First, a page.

ESTROGEN: PHYSIOLOGY, PHARMACOLOGY, AND FORMULATIONS FOR REPLACEMENT THERAPY

Authors

  • Ronald J. Ruggiero Pharm D,

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    • Ronald J. Ruggiero is a faculty member of the University of California San Francisco (UCSF) Schools of Pharmacy and Medicine and comanages hormonal pharmacotherapy patients in the UCSF Women's Health Clinic. He is the director of the pharmacy resident project of the UCSF National Center of Excellence in Women's Health. Dr. Ruggiero received his Pharm D from the UCSF School of Pharmacy and a Menopause Educator Certificate from the North American Menopause Society.

  • Frances E. Likis CNM, FNP, MSN

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    • Frances Likis is a faculty member of the Frontier School of Midwifery and Family Nursing and provides full-scope midwifery care in a collaborative MD/CNM/NP practice in North Carolina. She received her BS and MSN from Vanderbilt University and a certificate in nurse-midwifery from the Community-Based Nurse-Midwifery Education Program (CNEP).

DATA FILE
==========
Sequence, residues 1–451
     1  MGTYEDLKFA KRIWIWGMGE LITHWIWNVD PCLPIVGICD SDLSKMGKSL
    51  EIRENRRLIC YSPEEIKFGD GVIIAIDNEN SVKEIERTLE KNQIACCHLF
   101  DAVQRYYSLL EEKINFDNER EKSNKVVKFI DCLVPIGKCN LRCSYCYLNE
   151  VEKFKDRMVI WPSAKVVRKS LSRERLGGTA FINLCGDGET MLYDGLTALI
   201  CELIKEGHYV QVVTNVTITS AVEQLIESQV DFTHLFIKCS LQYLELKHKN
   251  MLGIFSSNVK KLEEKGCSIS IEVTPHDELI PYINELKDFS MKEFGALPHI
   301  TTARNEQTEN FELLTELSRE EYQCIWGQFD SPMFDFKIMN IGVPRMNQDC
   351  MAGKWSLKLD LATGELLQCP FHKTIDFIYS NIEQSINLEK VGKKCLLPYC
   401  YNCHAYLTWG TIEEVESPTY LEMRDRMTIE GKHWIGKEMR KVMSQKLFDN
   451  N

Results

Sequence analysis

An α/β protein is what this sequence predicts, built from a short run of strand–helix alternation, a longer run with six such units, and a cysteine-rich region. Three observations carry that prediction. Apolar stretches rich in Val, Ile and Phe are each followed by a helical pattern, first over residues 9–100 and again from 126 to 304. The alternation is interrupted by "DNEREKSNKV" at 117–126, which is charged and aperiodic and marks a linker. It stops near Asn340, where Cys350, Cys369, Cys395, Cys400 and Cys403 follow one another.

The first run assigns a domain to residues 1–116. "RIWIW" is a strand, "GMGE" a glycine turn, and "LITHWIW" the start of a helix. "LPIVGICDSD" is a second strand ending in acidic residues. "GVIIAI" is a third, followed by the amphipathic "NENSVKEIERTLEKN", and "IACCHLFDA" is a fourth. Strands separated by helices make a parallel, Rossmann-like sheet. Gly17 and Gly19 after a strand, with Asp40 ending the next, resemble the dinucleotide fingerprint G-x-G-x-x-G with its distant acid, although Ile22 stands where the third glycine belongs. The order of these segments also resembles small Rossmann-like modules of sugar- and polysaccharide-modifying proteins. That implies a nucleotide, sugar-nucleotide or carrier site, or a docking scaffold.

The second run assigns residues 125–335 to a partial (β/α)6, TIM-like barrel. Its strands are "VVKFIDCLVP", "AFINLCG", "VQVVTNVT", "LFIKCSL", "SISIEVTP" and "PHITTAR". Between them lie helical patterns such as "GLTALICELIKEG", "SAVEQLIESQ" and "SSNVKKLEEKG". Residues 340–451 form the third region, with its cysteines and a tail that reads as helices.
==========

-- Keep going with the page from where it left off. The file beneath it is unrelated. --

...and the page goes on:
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ABSTRACT

Estrogen is the central component in 6 of the 100 most widely prescribed medications in the United States today. This steroid has several therapeutic uses including contraceptive applications, treatment of menopausal symptoms, and the prevention of osteoporosis. A wide variety of estrogen replacement therapy (ERT) and estrogen plus progestational hormonal replacement therapy (HRT) preparations are available. In addition, there are an increasing number of products with estrogenic properties that are being promoted as alternatives to drugs containing estrogen, such as phytoestrogens and selective estrogen receptor modifiers (SERMs). This article reviews the physiology of estrogenic effects, estrogen metabolism, and the pharmacokinetics of marketed preparations.

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